Although I was trained in appropriate medical technology, which included the appropriate use of ALL medical tools including antibiotics, drugs and surgery…. in Idaho my access is restricted and I have often encountered patients who were unwilling to utilize those forms of medicine due to religious beliefs or philosophical orientation. As a result I have had the opporunity to TEST Naturopathic Medicine in the field under extreme conditions… and IT WORKS!

Since Naturopathic Medicine treats people not diseases, the appropriate course of care for one condition can take an infinite variety of forms…. part of providing individualized care requires looking at the unique needs of the individual, their family, their community, and their environment in light of the existing crisis. What are their beliefs (religious and cultural), what are their resources (internal, family, financial, etc), what is their objective (getting well before a trip, resolving a chronic disease that flares up repeatedly, etc), and perhaps most importantly – what is the vitality of health and the commitment to fixing the problem?

Here are a few thoughts when considering Naturopathic Care for Acute situations.

Prevention, prevention, PREVENTION! How do you prevent acute crisis? Three ways: 1 stop it in it’s tracks! By having a truly useful home pharmacy (and stocked kitchen) and the knowledge to act you can stop many health challenges before they start. 2 By maintaining a healthy lifestyle and investing in wellness promotion you are more successfully able to manage life’s challenges. 3 It’s who you know! Having a relationship with a physician you can reach immediately during crisis is essential. Without support and advice, you are left making decisions on your own when you are least able to be thinking clearly.

When you start to recognize the strengths and weaknses of you health, it is easy to predict what conditions combine to create a crisis and what it will be. It doesn’t take a crystal ball to figure out the weakest link in a person’s constitution. In Western medicine, symptoms are suppressed with drugs…anti-histamines, pain medications, cough suppressants, antibiotics…. so we fail to recognize the VALUE of symptoms and the clues they give us about how the body is reacting….symptoms are like the early warning fire alarm of a bigger problem! When we stop ignoring or covering up the warning, we access the protective mechanisms that God put in our body to KEEP US HEALTHY! Instead of waiting for the house to catch fire to act, symptoms (fire alarms) allow us to see risk, make predictions and make choices that change your health destiny. If you don’t understand this, disease seems like a random occurrance that is inconvenient and innevitable and disempowering.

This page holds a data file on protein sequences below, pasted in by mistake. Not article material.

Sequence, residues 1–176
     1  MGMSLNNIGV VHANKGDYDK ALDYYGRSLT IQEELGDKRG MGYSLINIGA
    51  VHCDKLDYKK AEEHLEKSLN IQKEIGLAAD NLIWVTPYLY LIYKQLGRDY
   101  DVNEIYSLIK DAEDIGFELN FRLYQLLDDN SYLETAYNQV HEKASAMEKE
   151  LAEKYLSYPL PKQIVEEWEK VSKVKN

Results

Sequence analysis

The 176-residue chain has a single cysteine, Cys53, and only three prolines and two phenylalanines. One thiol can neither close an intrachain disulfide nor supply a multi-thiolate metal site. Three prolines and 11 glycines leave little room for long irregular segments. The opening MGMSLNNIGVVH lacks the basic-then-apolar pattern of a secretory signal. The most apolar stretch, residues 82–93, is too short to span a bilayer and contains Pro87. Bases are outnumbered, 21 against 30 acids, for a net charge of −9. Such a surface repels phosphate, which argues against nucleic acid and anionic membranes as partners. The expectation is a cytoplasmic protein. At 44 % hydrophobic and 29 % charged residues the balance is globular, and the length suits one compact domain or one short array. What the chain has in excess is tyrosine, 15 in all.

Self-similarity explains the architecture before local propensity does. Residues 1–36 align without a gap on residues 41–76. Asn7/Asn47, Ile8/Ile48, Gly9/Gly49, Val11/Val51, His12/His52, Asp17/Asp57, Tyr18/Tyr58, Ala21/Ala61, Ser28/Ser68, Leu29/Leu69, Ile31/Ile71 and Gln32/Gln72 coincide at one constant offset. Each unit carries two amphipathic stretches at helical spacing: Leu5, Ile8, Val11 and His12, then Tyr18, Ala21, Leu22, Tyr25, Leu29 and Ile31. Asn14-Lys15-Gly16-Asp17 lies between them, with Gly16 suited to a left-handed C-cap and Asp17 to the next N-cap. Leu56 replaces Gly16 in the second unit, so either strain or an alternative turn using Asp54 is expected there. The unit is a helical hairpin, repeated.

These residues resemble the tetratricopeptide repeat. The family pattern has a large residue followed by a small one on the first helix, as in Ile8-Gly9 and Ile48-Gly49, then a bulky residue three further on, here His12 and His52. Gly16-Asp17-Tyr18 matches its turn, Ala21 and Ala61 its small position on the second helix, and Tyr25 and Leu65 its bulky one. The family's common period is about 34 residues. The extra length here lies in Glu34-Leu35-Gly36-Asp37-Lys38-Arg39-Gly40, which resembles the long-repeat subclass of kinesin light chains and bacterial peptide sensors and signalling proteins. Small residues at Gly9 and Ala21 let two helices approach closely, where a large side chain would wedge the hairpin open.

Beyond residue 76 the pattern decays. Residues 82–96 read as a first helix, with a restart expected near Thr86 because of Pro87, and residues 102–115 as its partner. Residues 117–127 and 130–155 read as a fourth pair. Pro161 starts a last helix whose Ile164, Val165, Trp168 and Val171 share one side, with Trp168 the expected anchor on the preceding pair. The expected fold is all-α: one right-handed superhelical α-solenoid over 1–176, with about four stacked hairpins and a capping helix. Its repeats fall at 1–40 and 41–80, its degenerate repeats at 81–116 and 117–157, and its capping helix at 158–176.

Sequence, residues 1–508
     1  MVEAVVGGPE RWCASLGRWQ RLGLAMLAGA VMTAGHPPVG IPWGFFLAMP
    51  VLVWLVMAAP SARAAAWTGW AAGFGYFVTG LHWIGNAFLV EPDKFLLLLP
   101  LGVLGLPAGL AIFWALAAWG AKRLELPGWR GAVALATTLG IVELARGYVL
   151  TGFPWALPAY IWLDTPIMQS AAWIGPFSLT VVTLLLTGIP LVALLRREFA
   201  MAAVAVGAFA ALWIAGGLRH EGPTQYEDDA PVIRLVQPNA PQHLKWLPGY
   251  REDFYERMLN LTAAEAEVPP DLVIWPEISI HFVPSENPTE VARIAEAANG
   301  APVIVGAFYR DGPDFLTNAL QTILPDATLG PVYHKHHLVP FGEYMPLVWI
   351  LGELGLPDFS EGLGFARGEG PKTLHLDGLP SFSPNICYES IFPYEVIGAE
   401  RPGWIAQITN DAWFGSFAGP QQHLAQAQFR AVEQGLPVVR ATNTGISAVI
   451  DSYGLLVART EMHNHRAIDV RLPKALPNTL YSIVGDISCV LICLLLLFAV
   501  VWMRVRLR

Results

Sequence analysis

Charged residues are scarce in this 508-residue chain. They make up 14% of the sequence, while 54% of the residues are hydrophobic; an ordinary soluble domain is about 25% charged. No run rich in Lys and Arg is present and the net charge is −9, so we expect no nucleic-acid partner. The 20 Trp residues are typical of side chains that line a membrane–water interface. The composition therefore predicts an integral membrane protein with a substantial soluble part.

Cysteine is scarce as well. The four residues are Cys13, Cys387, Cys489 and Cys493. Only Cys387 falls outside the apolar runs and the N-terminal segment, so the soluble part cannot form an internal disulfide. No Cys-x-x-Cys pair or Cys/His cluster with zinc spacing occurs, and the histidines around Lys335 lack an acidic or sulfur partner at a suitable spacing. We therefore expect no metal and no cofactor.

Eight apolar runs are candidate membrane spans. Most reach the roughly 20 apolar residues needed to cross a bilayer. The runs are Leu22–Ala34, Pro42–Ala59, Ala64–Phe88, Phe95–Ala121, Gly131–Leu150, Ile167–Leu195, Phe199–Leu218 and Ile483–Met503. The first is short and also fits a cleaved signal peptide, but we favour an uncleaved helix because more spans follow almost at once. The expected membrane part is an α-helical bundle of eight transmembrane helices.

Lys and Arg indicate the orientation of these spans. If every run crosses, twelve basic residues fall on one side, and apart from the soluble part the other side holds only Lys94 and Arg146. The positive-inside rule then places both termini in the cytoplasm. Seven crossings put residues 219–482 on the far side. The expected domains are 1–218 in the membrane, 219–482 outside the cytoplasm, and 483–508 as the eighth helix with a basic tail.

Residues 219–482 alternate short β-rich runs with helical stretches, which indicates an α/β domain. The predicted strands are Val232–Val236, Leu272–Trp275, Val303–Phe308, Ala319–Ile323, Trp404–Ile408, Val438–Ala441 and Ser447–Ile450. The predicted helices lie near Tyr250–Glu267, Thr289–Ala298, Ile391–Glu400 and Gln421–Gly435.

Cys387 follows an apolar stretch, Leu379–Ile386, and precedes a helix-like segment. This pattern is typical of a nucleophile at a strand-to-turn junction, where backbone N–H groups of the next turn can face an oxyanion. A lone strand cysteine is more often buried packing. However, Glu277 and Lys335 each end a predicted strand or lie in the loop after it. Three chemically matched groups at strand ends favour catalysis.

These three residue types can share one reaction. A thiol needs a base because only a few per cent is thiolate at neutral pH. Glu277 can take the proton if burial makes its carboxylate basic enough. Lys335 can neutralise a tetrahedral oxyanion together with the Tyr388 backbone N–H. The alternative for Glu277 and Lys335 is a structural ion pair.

Who do you know? I grew up with a father that was a physician who DID housecalls. As a kid I went along with him and played with the kids in the family while my Dad worked. My kids have grown up the same way. Illness is best managed at home with the physician going to you. Why get a really sick kid with a ruptured eardrum UP to wait in line with a bunch of sick people in an ER at 3 AM? Is that healthcare? Acute care at Healthy by Nature includes a high level of accessibility. Patients access me in a variety of ways to get their needs met, but ACCESS is the key. When you are scared, sick, and uncertain; regardless of your orientation or health goals…. you need an advocate, someone who knows you, to reassure and give advice and remind you that have what you need to minister to yourself or your family providing EXCEPTIONAL healthcare.